In Atelier Firis: The Alchemist and the Mysterious Journey, the titular Firis feels trapped in a small community, yearning for the open worlds beyond. In many ways, this feels like an expression of developer Gust itself: wanting to expand its horizons and try its hand at more open environments. And just like Firis, Gust may not have been totally ready for that, but they both approach this adventure with a plucky spirit.
A follow-up to Atelier Sophie, Atelier Firis seeks to continue in the franchise’s modern template, using trilogies to recycle worlds and continue tales with old protagonists showing up from time to time. Firis seeks to become a full-fledged alchemist in the fashion you’d expect from a teen wanting to assert independence, learning the ropes to show all her doubters that she has what it takes.
Firis finds a middle ground between previous games’ timed and untimed structures, with a time-limited main quest and unlimited postgame exploration waiting afterward.
Firis finds a middle ground between previous games’ timed and untimed structures, with a time-limited main quest and unlimited postgame exploration waiting afterward. It’s a tough dance to design a world suited for both, one that allows quick progress that also has the density to make you want to return. The result is generally uneven, a quarter-step toward an open world without the resources to properly fill it. The game divides its adventure into multiple locales rather than focusing on one city, but it doesn’t justify that with more things to see and do. It makes some progress, notably with the Chain Quest system and quests with multiple possibilities designed to help you shape your world. Still, it could be a sign of things to come for the series.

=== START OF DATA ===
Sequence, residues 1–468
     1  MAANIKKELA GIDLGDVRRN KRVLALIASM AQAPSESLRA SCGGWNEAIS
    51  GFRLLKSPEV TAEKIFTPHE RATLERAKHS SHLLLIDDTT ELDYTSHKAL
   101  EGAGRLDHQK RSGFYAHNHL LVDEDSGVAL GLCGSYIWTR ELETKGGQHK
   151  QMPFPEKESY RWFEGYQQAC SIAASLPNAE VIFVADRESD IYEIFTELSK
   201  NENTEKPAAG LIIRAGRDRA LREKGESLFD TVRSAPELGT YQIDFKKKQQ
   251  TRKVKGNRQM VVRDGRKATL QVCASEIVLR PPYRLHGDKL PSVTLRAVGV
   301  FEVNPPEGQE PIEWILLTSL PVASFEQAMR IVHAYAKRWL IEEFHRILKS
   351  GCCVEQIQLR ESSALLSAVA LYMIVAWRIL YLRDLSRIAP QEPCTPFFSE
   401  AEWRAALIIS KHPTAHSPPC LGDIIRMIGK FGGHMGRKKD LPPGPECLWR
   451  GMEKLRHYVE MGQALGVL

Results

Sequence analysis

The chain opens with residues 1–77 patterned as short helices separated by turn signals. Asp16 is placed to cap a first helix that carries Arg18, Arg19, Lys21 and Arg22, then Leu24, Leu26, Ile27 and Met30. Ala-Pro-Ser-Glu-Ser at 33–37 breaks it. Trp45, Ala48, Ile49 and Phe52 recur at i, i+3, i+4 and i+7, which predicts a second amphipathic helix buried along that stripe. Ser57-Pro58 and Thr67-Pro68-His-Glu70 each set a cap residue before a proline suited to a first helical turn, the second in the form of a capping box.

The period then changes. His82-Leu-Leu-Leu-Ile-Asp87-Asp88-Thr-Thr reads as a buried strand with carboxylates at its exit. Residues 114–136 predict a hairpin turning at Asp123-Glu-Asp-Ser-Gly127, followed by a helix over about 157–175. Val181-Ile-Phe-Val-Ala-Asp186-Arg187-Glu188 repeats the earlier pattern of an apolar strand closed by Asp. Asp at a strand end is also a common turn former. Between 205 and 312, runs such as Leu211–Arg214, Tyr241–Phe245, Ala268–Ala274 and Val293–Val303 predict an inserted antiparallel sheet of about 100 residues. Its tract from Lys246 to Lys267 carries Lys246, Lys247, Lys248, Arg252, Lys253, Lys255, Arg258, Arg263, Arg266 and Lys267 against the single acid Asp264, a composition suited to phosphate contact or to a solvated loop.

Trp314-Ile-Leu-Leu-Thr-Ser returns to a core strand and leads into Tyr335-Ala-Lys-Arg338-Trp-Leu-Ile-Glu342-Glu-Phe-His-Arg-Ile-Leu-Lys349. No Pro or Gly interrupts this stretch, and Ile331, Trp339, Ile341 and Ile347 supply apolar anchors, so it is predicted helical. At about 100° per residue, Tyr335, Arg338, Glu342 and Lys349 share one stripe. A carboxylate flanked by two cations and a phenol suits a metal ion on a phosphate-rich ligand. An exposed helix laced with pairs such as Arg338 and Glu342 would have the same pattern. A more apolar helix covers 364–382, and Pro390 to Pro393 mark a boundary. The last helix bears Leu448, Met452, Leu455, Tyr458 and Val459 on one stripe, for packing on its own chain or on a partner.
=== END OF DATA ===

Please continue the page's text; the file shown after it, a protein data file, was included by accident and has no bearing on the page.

The puzzle-based alchemy of Sophie makes a return here, the lone bastion of complexity in a quest seemingly built around a careful craft. We wish the title would commit to this scheme, really making it matter through exacting requirements or truly puzzle-like solutions. As it stands, you can make things a little bit better, and… that’s not quite enough. A positive development, though, is the reworked recipe system, focusing on finding clues to making new things rather than just working your way down a tree. Though it isn’t actually any more creative, it feels more faithful to the idea of alchemy itself.
Atelier could also pivot toward the exploration of a larger RPG, focusing on gathering and combat. And it tries! Some! The day-night and weather systems, combined with an implementation of fatigue, make hunting for ingredients and such a more taxing process. Some may find this extra difficulty refreshing, and others will end up frustrated. Still, series fans will likely end up appreciating something with some teeth. Which is that and not the battles, which remain pedestrian and in need of something special.
At this point in the world of cross-generational development, the PS3 no longer holds back development, meaning the chasm between the power of the PS4 and Vita must be bridged somehow. Firis handles that, um, very poorly. The PS4 version is choppy at times but maintains tolerable performance overall. The Vita port, on the other hand, is headache-inducing and slow, and generally tough to justify. We played for a few hours between sessions using the built-in network save function, and we just can’t recommend it to even the most forgiving fans.
Firis continues with the aesthetic established in Sophie, one that is both distinctive and a smart reach for a limited development budget.
Firis continues with the aesthetic established in Sophie, one that is both distinctive and a smart reach for a limited development budget. The character designs continue to be a bit haphazard; it seems that Gust can’t quite nail down exactly who its audience is supposed to be and it shows. Still, its vivid worlds are definitely on track. (The voice acting, on the other hand… yeah, that’s still not improved.)
Atelier Firis: The Alchemist and the Mysterious Journey seeks to make change, but it does no more than usual from a middle game in a trilogy. It opts for ambition when the franchise should really be looking for renewed focus, and without any muscle behind those ambitions, it does little more than stay in place.